Are you a boat owner? Are you getting ready to set sail for the summer?
Boating is a wonderful way to relieve stress while spending time with friends and family. Just being on the water can be relaxing by itself. Add in some fun with jet skiing, tubing, knee boarding or wake boarding, and you have the formula for a perfect day or weekend at the lake.
Of course, boating isn’t all just smooth sailing. As with any recreational activity, it’s critical to exercise proper safety procedures during boating season so that you don’t put anyone in harm’s way.
Here’s everything you need to know…
1. Life Jackets
The law requires that your boat is equipped with one life jacket for each person on board. Children under the age of thirteen are required to wear a coast guard-approved life jacket at all times in some states.
There are many different types of life jackets on the market. Some are recommended for fishing and racing, and others work well for boating alone. Some life jackets are designed for stormy conditions, and even to prevent hypothermia. Others will turn a person face-up. Keep in mind that some of these extra features may require additional maintenance, which means they could be more expensive.
It’s important to talk to your local recreational supply store expert about the best type of life jacket for your expeditions. Try them on inn the store to make sure they’re the right size and fit. Also, be sure you’re complying with any and all local regulations before you head out onto the water.
2. Check Your Boat
Before setting sail, open all of your boat’s hatches and check for strange fumes. Boat sources that could produce gas include engines, generators, cooking ranges, and space heaters.
Proper installation and maintenance of engines will help you prevent carbon monoxide poisoning. Also, avoid blocking exhaust outlets. Make sure children aren’t swimming or playing in areas where engines vent their exhaust.
3. Be Prepared For Emergencies
Keeping the right supplies for emergencies on board will help you and your guests feel safe. A basic first-aid kit will include antibiotic ointments, aspirin, cold compresses, and a blanket. These items will help treat injuries that might occur until you get back to shore.
It’s also important to have ropes for pulling someone back into the boat if they happen to fall overboard. You’ll also want a flashlight in case you run out of fuel, and a fire extinguisher in the event of a fire. A bucket is also important to have on board in case your boat takes on water.
4. Take Swimming Lessons
Most people think of swimming lessons as being for kids. Adults, however, can really benefit from taking them. If you can’t swim, think about taking a few lessons before you get on a boat.
A basic Red Cross class can teach you about strokes, endurance, and keeping others safe in the water. And it’s a skill you can always use for fitness, even if you don’t need it on a boating expedition. CPR is always a good class to take as well.
5. Get Boat Insurance
While boat insurance might not be required in your state, it’s still a good idea to have, and for many reasons. In today’s litigious society, even friends could sue you if they become injured while riding as a passenger on your boat.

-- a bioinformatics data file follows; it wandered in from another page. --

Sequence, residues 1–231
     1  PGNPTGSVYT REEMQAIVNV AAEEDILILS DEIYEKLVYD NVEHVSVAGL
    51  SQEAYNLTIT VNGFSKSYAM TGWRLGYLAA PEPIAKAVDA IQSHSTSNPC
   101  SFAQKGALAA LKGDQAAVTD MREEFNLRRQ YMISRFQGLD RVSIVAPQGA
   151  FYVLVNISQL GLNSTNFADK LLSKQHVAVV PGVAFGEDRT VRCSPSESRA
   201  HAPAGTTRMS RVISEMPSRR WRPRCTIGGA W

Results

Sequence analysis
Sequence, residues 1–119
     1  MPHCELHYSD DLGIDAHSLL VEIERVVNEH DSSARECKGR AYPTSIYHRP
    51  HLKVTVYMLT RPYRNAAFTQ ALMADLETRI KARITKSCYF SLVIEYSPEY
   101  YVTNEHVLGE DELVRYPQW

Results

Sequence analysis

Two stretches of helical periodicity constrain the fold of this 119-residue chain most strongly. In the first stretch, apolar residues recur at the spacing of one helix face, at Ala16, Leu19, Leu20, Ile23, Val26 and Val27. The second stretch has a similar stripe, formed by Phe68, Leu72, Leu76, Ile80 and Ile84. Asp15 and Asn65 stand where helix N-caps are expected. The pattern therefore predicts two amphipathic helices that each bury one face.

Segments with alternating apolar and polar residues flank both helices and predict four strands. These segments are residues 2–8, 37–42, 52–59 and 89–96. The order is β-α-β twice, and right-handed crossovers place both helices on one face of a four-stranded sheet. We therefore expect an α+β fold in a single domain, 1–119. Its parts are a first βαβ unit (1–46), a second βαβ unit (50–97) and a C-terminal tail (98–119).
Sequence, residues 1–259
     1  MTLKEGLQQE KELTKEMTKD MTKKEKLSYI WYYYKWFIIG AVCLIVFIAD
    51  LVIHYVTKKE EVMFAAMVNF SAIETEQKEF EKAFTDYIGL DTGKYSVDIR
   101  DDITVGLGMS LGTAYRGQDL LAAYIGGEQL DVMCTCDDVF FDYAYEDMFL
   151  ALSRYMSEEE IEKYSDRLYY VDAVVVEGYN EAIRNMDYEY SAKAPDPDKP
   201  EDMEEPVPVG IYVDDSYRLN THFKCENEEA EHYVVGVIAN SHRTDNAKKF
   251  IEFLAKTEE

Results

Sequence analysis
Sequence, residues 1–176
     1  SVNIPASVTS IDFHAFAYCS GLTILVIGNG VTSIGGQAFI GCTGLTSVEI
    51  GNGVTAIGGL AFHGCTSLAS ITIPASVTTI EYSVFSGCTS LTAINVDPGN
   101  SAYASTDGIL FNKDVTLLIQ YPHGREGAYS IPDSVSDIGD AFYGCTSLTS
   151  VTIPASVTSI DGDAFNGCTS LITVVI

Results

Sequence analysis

If you have an insurance policy, your company can appoint an attorney to represent you. They will also let you know which damages you owe up to liability coverage.
Insurance can also help you recover your losses in the event of an accident, fire, or even vandalism. Do a little research to find out which type of policy is standard or recommended for the type of boat you own.
6. Don’t Drink and Boat
There are laws and penalties for boating under the influence (BUI). It’s smart to save your drinking for when you’re a full-time passenger rather than being behind the wheel.
Boating and drinking accounted for 633 fatalities nationwide in 2018. Even if you feel that you aren’t drinking heavily, doing so opens yourself up to accusations of irresponsible operation of a boat. You could also face fines, jail time, and loss of operating privileges for your watercraft.
The open sea presents additional distractions to boat operators, including waves, engine noise, and spray. These could increase your level of impairment and render you even more likely to make poor judgments.
Once you return safely to shore, feel free to pop open your favorite alcoholic beverage and enjoy. That is, as long as you’re not driving a vehicle home!
7. Boat Propeller Safety
Boat propellers can cause serious or even fatal damages to you or your passengers. Take all necessary precautions to avoid a potential accident or disaster.
Before you start your engine, make sure you can see all of your passengers. Keep a close eye on children who are on board, making sure that they are not playing in areas of the boat where they could go near the propellers. Also, don’t allow anyone to enter or exit the boat near the propeller areas when your engine is turned on.
Your passengers should know where your propellers are located so they can exercise their own good judgment. Make sure to turn off your engine if you approach anyone in the water. Keep your boat away from swimming zones, and don’t go close to any water skiers or jet skiers.
A propeller guard can also help keep you and your passengers safe. Check with your manufacturer about what is appropriate for your type of boat.
Getting Set for Boating Season
Boating season promises sun, fun, and adventure. If, however, you aren’t properly prepared, it could also bring with it a fair amount of anxiety. Taking the proper safety precautions will allow you to enjoy your watercraft and offer you the security that comes with being prepared for emergencies.
For more local legal advice, contact us today.